Legal opinion finds Online Safety Bill may breach international law

  • A legal opinion has found that there are, “real and significant issues” regarding the lawfulness of a clause in the Online Safety Bill, which would require social media platforms to proactively screen their users’ content and prevent them from seeing anything deemed illegal.
  • The opinion finds that there is “likely to be significant interference with freedom of expression that is unforeseeable and which is thus not prescribed by law”.1
  • This represents “a sea change in the way public communication and debate are regulated in this country” as the Bill would require online content to be screened and blocked before it is even posted, with tech companies that don’t comply being sanctioned.

Open Rights Group has received legal advice from Dan Squires KC and Emma Foubister of Matrix Chambers, which states that measures in the Online Safety Bill may involve breaches of international law.

The legal opinion examines Clause 9(2) of the Bill, which places a duty on online platforms, such as Facebook and Twitter, to prevent users from “encountering” certain “illegal content”. The Opinion confirms that this duty “amounts to prior restraint”: it will require platforms to screen, intercept and block online communications before they have been posted. This, they warn, represents, “a sea change in the way public communication and debate are regulated in this country” as people may be censored before they have even been able to post online.

Dr Monica Horten, policy manager for freedom of expression at Open Rights Group, said:

“It’s one small clause with a huge impact. It up-ends the existing legal order on tech platforms. This legal opinion confirms that these measures could compel online platforms to remove content before it has even been posted, under threat of fines or imprisonment. There are no provisions for telling users why their content has been blocked.

“As well as being potentially unlawful, these proposals threaten the free speech of millions of people in the UK. It is yet another example of the government expecting Parliament to pass a law without filling in the detail.

“This stark warning cannot be ignored. As the Bill reaches its final parliamentary stages, it’s vital that peers press the government on whether it will require tech companies to pre-screen social media posts, and how, in those circumstances, the Bill could protect online freedom of expression.”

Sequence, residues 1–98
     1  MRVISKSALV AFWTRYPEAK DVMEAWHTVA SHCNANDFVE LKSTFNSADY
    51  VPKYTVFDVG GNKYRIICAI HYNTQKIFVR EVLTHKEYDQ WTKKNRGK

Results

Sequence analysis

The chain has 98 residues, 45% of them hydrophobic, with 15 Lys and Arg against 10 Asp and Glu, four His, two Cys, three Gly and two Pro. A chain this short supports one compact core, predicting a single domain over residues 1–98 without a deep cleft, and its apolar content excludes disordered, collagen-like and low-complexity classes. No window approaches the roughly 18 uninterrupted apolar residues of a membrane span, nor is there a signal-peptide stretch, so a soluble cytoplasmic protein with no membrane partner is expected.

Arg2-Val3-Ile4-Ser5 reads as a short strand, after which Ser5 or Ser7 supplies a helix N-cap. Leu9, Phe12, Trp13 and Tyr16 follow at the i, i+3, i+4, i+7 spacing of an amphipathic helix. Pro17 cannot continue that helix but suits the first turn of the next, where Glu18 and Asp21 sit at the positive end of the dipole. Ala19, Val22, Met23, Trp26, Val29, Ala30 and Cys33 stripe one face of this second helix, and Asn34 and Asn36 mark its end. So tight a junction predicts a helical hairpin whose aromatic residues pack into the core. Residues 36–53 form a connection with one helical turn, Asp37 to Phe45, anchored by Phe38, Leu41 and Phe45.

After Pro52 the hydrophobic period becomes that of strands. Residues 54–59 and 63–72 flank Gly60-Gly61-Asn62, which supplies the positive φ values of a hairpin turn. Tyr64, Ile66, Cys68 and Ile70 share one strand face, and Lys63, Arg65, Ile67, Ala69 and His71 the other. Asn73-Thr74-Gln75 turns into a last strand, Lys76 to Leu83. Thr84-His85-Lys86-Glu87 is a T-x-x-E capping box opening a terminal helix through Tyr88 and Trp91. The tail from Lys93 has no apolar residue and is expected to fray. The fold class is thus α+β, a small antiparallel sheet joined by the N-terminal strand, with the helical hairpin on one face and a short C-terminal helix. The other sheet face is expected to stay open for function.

Risk to freedom of expression

Until now, the law allows individuals to post without being restricted by the government or tech platforms, but if content is reported as illegal or breaches the site’s terms and conditions, the platform would take it down and would not be liable for the content.2

This Clause turns that premise upside down. Under Clause 9(2(a), tech companies are required to “prevent users encountering” any illegal content. The only way to ensure that they are prevented, is to stop it ever appearing on the platform in the first place.

The online platform is made strictly liable for policing the illegal content, with the threat of large fines and imprisonment of its management, if they fail to do so. This will incentivise companies to err on the side of caution and block content rather than risk sanctions.

The platform must make its own determinations of what is illegal, creating the risk that “a significant number of lawful posts will be censored”. The Opinion highlights the particular challenges of identifying whether content that could appear to relate to fraud, terrorism, or immigration crimes is actually illegal. For example:

“Assisting unlawful immigration under section 25 of the Immigration Act 1971 is listed in Schedule 7. The government has expressly indicated that this provision may be used to prevent people from posting photos of refugees arriving in the UK by boat if they “show that activity in a positive light”1. It is difficult to predict how an AI algorithm will decide what constitutes showing such an image in a “positive light”. What if the image was posted without any text? Removing these images prior to publication, without due process to decide whether they are illegal, may have a chilling effect on a debate of public importance relating to the treatment of refugees and illegal immigration”